Steaming into post-war Britain


It was the dawn of a new age for Britain’s steam-powered trains. After years of neglect and underinvestment, the railways would be revitalised and the country would regain its position stoking the furnace of innovation and enterprise. Thousands of brand new steam engines were ordered to haul Britain back into pole position.

Over the next 12 years, 2,500 engines were produced in workshops across the country – literal cast-iron commitments to a belief in the future of steam traction. Streamlined and standardised designs were developed, reducing running costs and improving reliability. Everything was in place for a new golden age of steam.

The glaring flaw in the plan was that it came some fifty years to late. The modernisation plan was launched in 1948, when the rest of Europe was steadily abandoning steam in favour of diesel and electric-powered trains. Whilst war-shattered continental networks were being rebuilt, electrified and modernised, Britain’s railways were patched up and upgraded on the cheap.

Was the modernisation plan a colossal folly? A piece of socialist hubris in the face of logic and rational thinking? In reality, the planners understood all too well the limitations of steam, but were powerless to adopt the more costly alternatives. Britain’s finances were strained, foreign exchange was at a premium and investment priorities centred on industry, housing and the National Health Service.

As a result, wholesale electrification of the network was ruled out. This was simply too expensive an option. Diesel trains could run on existing tracks but they ran on oil, which, in the pre-North Sea Oil days, was an expensive imported commodity. Switching to diesel would have rapidly consumed the country’s already dwindling gold and foreign exchange reserves.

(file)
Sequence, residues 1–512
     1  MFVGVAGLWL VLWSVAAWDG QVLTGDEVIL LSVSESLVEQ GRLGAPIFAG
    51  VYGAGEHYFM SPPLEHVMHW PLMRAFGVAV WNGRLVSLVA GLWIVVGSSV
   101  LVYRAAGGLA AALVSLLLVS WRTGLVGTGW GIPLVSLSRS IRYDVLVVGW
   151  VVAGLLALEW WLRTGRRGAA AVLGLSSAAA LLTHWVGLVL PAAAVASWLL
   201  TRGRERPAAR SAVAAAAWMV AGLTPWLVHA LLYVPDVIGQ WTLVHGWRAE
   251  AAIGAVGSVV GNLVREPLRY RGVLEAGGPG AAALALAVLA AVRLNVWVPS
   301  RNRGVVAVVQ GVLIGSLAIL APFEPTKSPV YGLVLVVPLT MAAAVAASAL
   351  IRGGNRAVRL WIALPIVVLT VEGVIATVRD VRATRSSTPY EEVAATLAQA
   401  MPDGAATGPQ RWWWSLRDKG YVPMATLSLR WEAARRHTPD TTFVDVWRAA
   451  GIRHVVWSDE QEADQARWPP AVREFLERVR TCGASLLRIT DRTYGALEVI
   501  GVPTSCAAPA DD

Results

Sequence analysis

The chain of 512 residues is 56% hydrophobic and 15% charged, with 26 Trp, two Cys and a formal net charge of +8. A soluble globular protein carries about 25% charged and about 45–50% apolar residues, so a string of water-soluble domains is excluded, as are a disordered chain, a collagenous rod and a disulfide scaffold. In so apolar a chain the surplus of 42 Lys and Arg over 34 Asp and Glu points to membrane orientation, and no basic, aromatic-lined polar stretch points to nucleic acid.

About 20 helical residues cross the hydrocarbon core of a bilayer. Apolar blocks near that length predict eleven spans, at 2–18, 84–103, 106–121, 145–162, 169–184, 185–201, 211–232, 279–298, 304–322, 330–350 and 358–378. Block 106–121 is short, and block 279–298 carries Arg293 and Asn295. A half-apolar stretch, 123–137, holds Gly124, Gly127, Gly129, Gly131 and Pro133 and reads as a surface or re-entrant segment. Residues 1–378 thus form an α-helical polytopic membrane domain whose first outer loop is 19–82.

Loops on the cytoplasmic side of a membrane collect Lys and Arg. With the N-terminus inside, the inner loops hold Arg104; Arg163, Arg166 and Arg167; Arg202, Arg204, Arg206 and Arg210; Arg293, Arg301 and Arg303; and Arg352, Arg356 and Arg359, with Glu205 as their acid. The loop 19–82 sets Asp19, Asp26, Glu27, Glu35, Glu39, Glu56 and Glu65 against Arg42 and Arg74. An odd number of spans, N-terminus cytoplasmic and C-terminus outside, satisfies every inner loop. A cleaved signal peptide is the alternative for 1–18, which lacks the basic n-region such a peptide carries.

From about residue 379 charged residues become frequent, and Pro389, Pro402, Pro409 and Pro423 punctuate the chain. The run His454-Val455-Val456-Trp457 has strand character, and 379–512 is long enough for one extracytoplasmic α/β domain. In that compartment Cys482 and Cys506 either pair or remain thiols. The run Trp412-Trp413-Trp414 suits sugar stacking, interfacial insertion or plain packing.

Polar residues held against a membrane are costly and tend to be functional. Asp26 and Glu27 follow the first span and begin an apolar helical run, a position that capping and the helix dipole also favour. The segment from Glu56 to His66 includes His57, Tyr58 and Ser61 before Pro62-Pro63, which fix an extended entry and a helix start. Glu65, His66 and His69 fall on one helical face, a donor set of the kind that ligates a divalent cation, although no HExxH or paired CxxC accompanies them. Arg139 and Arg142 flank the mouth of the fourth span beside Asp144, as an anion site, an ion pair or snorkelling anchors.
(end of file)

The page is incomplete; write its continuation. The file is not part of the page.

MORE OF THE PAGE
The least costly solution (at least in the short-term) was to rationalise and develop steam power. This had the added advantage that it was powered by domestically produced coal. For a documentary about trains and trainspotters, BBC4’s Timeshift – the Last Day’s of Steam was a fascinating, lively and touching tribute to a last gasp (or puff) for steam power.

Steam trains continued to be produced in the UK until March 1960, when the appropriately named Evening Star rolled off the production line at Swindon. But the fate of steam trains had already been sealed – they would not survive the rest of the decade.

The last scheduled steam service on Britain’s mainline railways set off on 11 August 1968 from Liverpool to Carlisle via Manchester and Settle. It was nicknamed the ‘Fifteen Guinea Special’ because of the premium price its tickets attracted amongst an enthusiastic public.

On 12 August 1968, British Rail introduced a ban on steam across the standard gauge network. It seemed as though steam trains would never return to railways in the UK. All across the UK, thousands of engines were sold for scrap. In total some 250,000 tonnes were dismantled.

This assumption was disproved by the passion and commitment of dedicated enthusiasts who set up preservation societies. These groups bought and repaired steam engines and rolling stock and started running heritage railways. Today, Britain has over 100 heritage railways running 1,300 steam engines and attract 6.8 million visitors a year.

Another landmark was reached on 1 August 2008 when an A1 Class Tornado rolled off the production line in Darlington. Sixty years after nationalisation and forty years since the end of normal steam-powered services, a brand new, £3 million steam locomotive engine had been built. Whilst passenger transport has indeed moved on, nostalgia and a passion for celebrating the engineering triumph ensures that steam power thrives in 21st century Britain.

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